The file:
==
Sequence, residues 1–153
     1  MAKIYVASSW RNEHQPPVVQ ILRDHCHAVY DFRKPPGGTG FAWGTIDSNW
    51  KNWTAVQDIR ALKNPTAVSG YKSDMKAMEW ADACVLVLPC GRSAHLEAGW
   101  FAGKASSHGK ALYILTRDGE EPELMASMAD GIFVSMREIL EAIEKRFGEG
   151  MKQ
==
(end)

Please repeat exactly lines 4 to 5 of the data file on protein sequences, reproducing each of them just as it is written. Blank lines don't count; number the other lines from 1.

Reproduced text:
   101  FAGKASSHGK ALYILTRDGE EPELMASMAD GIFVSMREIL EAIEKRFGEG
   151  MKQ